Using drug dispensing data, I am trying to examine the association between proportion of days covered (PDC) by a drug and disease relapse. PDC is calculated by drug's supply divided by follow-up time. Events such as end of study and death are censored using Cox regression. Follow-up basically ends at disease relapse, death or end of study, whichever comes first.

Example of patient:

Date: 1 Jan 2010 (hospital discharge), dispensed 30 days of drug

Date: 1 Feb 2010, dispensed 60 days

Date: 1 May 2010, dispensed 60 days

Disease relapse: 1 Aug 2010 (end of follow-up)

Duration of follow-up: 210 days (from 1 Jan to 1 Aug 2010)

PDC = (30 + 60 + 60) / 210 = 0.714

With the PDC, I divided the patients into PDC >=80% and PDC < 80%, and examine the rate of disease relapse. The HR associated with a category of PDC is derived using exposure information concurrent to the observed outcomes.

My results showed that a higher PDC (>=80%) is associated with higher HR (risk) of disease relapse, which does not make sense. I examined my data closer and found that those with disease relapse, appeared to have shorter follow-up time, which also tends to result in higher PDC values. This may be possible as the PDC usually becomes more accurate over a longer period of time. But in patients with the disease relapse, the follow-up time is cut and hence their PDC becomes higher, relative to those without relapse.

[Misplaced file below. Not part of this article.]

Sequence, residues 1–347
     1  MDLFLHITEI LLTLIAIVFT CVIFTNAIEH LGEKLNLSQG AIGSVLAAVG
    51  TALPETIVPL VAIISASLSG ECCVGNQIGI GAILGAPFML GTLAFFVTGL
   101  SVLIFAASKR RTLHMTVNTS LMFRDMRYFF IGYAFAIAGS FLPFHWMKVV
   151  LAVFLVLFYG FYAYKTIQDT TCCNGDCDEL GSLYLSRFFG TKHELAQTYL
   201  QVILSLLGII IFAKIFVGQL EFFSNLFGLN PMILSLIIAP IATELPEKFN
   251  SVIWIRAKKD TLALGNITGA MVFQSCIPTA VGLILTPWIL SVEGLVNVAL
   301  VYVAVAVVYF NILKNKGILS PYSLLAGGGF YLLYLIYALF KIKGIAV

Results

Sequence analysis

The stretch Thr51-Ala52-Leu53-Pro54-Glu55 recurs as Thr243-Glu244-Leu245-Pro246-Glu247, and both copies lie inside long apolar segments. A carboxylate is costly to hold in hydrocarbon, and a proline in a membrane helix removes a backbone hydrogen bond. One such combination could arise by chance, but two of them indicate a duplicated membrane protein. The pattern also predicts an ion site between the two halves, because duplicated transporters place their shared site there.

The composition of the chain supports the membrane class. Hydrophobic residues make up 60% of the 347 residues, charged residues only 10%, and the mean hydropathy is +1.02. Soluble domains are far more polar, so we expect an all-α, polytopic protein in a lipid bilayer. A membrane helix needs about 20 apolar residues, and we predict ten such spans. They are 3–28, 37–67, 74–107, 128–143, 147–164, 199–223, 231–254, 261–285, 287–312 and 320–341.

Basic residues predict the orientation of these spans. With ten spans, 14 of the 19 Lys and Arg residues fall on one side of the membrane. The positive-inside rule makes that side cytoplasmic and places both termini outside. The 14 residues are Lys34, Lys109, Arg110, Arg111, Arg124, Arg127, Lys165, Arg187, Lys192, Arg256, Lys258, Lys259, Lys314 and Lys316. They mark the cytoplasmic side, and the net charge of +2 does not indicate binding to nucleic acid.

Is there any way of handling this issue? I am not sure whether the PDC should be considered a time-varying covariate. Any help is appreciated. Thank you.

  • $\begingroup$ Can you provide sample data? What does it mean 'the drug's supply divided by followup time'? $\endgroup$ Dec 11, 2017 at 22:39
  • $\begingroup$ Also, when do the subjects enter the study? a certain date? based on some event? $\endgroup$ Dec 11, 2017 at 22:54
  • $\begingroup$ I will add more details. $\endgroup$
    – Rey
    Dec 12, 2017 at 2:09

1 Answer 1


Someone who dies within the time period covered by the first dispensed drug is automatically >=100%, right? So all early deaths may be misleading or at least not be able to tell you anything on your question (you have no idea whether they took the treatment and/or would have got new drug in time, but they are counted as having all their days covered). I also do not think you can get around that by looking at the period after the initially dispensed drug should have run out, because to an extent you run into the same problem after every single dispensing.

Additionally, it may just hard to keep up a good compliance with getting the treatment dispensed on time in the long run, but you don't get to the long-run unless you survive.

Furthermore, how is the treatment meant to be taken? Are you accounting for severity? E.g. if people that get better (or are less severe to start off with) stop taking the treatment (or get sloppy with getting more drug), you might get the observed association, too.


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